It is not easy to discard seedlings and cuttings that have potential. We are supposed to sow several seed for vegetable plants where we ultimately want only a few, which typically produces a few extra. Feral seedlings for other types of plants commonly appear in the garden. I happened to grow a few seed that were marginally old, but that I did not want to discard. Nor do I want to discard deteriorating but lingering cool season annuals from last winter.
1. Since no new warm season bedding plants are going into the landscapes, cool season bedding plants are lingering until they succumb to the warmth. This pansy is not ready to give up yet.
2. ‘Roma’ tomato seedlings that got plucked to favor stronger seedlings got plugged in cells for later. They got sown very late, and plugged even later, but might become a nice second phase.
3. Extra summer squash seedling were also too good to discard. The main plants are producing now. This one should find a home quick. Since it can produce all season, no phasing is needed.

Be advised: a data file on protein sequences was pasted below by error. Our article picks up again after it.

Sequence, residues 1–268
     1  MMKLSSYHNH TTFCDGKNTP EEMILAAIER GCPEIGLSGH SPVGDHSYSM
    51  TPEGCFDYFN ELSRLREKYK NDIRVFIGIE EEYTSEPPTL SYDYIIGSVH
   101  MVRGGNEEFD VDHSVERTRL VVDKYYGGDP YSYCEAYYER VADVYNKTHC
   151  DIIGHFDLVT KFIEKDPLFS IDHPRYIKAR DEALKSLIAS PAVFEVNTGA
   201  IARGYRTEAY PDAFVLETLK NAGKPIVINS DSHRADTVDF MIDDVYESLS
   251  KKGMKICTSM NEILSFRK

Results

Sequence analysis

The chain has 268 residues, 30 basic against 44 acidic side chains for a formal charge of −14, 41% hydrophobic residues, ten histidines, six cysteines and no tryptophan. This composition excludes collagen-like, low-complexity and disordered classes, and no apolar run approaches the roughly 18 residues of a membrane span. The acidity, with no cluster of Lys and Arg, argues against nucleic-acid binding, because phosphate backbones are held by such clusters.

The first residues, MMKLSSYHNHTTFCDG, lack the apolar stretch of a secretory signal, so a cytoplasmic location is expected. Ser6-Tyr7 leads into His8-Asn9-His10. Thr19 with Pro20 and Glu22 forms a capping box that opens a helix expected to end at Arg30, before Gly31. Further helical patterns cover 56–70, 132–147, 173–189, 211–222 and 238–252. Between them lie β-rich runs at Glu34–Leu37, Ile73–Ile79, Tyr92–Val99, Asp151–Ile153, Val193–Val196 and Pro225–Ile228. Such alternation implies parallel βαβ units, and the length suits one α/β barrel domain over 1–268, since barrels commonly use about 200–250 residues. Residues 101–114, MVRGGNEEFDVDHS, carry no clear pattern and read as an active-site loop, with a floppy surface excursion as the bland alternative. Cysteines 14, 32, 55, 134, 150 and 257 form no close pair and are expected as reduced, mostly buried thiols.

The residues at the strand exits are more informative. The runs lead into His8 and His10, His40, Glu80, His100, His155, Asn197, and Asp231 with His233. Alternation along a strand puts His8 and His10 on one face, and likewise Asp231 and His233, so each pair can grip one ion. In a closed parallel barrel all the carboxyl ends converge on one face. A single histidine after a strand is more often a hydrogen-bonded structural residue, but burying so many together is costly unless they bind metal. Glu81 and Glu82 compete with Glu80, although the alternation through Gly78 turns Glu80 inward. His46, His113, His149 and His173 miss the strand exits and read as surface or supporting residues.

4. Ponderosa pines make extras too. This seedling got plucked along with other weeds, but was too exemplary to discard. (For the record, someone else salvaged it; so I can not be blamed.)
5. This is too blurry and dinky to look like much, but is a seedling of California fan palm. The seed was so old that I doubted its viability. I am very pleased with it, even if is the only survivor.
6. White California poppies are rare in nature. This one was left in the landscape while many of the orange poppies were removed along with weeds. There is another only a few yards away.
This is the link for Six on Saturday, for anyone else who would like to participate: